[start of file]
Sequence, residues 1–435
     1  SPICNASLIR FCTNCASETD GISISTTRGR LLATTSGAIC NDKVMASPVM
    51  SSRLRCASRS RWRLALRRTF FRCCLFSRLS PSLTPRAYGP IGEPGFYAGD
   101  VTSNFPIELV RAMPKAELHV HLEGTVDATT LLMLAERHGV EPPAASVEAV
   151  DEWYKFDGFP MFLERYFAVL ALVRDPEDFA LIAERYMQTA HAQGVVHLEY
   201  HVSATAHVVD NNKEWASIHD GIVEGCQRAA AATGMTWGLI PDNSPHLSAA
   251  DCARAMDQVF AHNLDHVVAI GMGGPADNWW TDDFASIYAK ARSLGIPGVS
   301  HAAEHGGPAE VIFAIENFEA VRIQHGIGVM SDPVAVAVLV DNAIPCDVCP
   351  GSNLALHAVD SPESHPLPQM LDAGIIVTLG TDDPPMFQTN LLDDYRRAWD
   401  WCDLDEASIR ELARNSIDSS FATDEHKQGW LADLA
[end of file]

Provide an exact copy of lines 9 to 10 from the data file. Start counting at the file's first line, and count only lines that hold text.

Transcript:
   351  GSNLALHAVD SPESHPLPQM LDAGIIVTLG TDDPPMFQTN LLDDYRRAWD
   401  WCDLDEASIR ELARNSIDSS FATDEHKQGW LADLA